Light Blue Arrow Right
Back to Publications & Events

SEBI revises guidelines on inter-scheme transfer of Securities

Finsec Law Advisors

0 mins read


On October 08, SEBI revised the guidelines related to inter-scheme transfer of securities in mutual funds, thereby imposing additional restrictions so as to improve risk management in debt mutual funds.

Presently, inter-scheme transfer (IST) of securities is permitted from one scheme to another within the same fund house, at market prices for quoted instruments on spot basis, provided such transfer is aligned with the investment objective of the transferee scheme. However, as redemption demand piled up in the aftermath of the Covid’19 pandemic, several mutual funds undertook ISTs, majorly from credit risk schemes to other schemes, to meet the liquidity crunch. In fact, around 60,000 ISTs were undertaken between March and August 2020, which in effect, resulted in the transferee schemes also being exposed to unwarranted credit risks.

Therefore, with effect from January 01, 2021, SEBI restricted ISTs in close ended schemes up to three days after allotment of the scheme’s units post a new fund offer and no further transfer is allowed. With respect to open-ended schemes, SEBI has mandated that such transfers can be undertaken to meet redemption pressure only after other attempts at increasing liquidity have been made such as, utilization of cash and cash equivalents, market borrowings and sale of scheme’s units. If the scheme level liquidity deficit persists even after implementation of such measures, outward transfers of units will be allowed through an optimal mix of low duration paper with highest quality.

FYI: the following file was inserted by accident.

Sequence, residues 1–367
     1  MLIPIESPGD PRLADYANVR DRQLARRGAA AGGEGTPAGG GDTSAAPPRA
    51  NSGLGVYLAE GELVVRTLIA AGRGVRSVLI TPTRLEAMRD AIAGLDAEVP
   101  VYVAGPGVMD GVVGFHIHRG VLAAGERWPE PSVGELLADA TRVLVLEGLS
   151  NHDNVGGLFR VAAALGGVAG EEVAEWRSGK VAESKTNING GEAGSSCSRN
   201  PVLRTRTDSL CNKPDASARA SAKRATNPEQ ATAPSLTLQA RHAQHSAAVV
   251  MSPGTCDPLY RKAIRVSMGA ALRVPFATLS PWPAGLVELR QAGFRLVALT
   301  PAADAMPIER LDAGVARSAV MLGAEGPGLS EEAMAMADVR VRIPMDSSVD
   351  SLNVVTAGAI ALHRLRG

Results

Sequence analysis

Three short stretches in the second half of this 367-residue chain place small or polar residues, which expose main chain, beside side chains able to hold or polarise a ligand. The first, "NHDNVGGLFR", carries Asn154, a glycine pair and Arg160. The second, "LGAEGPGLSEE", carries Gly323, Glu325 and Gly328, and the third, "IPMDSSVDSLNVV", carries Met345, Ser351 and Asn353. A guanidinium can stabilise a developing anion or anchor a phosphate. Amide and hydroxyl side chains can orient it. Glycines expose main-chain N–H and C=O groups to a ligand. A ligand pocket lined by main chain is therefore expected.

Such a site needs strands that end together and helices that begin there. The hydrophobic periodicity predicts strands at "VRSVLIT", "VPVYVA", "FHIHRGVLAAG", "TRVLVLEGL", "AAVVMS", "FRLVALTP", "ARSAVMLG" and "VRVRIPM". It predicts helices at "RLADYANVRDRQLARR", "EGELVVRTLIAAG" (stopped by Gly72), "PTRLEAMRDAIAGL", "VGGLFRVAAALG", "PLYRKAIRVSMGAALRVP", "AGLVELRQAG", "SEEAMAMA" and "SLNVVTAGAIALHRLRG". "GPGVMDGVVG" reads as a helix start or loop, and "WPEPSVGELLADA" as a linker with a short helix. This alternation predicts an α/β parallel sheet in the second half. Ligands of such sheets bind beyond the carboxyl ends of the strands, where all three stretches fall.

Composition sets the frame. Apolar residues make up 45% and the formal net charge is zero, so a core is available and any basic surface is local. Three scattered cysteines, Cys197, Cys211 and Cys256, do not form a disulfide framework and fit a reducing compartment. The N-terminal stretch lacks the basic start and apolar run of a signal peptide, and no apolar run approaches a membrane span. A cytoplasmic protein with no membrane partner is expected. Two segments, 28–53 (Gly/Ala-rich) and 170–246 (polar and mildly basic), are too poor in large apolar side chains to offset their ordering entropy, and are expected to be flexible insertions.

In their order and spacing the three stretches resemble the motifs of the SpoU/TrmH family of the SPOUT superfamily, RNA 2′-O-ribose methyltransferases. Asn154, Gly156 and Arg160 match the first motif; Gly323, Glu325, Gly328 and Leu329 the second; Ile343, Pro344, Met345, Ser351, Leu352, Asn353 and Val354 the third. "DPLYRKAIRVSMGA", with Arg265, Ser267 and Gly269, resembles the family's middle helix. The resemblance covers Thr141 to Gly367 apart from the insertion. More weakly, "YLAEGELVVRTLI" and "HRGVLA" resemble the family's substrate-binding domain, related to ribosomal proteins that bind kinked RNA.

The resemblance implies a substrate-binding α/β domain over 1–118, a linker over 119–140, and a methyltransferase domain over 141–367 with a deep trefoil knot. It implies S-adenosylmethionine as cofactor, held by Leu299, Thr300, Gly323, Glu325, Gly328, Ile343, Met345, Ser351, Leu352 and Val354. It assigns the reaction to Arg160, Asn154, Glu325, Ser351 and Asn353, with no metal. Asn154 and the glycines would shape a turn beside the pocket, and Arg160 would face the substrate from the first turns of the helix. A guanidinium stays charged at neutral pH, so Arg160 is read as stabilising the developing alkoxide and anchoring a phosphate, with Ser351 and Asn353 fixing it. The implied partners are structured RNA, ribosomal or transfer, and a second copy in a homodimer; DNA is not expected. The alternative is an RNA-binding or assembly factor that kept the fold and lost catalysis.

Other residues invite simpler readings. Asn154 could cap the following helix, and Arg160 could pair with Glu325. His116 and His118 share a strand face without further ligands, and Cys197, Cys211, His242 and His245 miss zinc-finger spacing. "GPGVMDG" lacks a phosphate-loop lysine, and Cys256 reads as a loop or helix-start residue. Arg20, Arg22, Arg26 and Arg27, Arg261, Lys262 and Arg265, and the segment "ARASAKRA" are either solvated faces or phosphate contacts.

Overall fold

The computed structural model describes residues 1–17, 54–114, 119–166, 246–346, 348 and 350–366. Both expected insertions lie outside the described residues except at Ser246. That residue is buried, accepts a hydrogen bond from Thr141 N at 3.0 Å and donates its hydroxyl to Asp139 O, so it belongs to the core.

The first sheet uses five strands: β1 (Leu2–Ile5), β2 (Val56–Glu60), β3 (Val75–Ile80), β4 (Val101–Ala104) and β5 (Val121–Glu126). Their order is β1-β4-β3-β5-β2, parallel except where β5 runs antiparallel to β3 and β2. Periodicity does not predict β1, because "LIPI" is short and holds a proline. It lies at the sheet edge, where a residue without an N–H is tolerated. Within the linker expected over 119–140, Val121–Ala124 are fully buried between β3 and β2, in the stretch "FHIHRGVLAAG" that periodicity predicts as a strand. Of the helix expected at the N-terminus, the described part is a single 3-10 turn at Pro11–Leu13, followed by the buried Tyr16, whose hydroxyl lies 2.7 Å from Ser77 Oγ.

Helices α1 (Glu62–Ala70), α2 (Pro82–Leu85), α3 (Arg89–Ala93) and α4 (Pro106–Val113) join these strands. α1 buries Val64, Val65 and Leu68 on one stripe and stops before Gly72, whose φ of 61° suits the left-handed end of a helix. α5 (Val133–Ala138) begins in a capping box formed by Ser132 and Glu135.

Although discretion is allowed to fund managers to opt for ISTs in the interest of unit holders before availing market borrowings or sale of securities, fund managers shall record reasons for the same with evidence. Further, while fund houses can undertake inter scheme transfers transfer to avoid a breach of SEBI’s exposure limits towards a single issuer, group, sector or the overall duration limits of a portfolio, such transfer can be carried out only till the extent of such breach and no further. In such cases, it is also mandated that the reason for rebalancing shall be the same for both the transferor and the transferee schemes, unless the transferee scheme is a credit risk scheme.

Additionally, trustees of the mutual fund shall put in place a mechanism to negatively affect the performance incentives of fund managers and chief investment officer involved in ISTs with respect to credit risk schemes, if the security becomes default grade within one year from the date of the transfer. Further, no IST will be allowed if there is any negative market news or rumour in mainstream media or an alert is generated in respect of a security based on the internal risk assessment of the mutual fund during the preceding four months.

In the event a security gets downgraded within four months from the transfer, fund managers will be required to furnish a detailed explanation to the trustees as to why the transfer was undertaken. Further, SEBI has also provided a template for recording of reasons for rebalancing and the details of attempts made to meet the liquidity deficit prior to an IST.

The above stringent norms would not only make ISTs more difficult, but fund houses would need to put in place better risk management systems and ensure that they have enough liquidity so that frequent ISTs can be avoided. The above norms also mean that liquidity management will now be required to be implemented at the scheme level and not only at the fund level.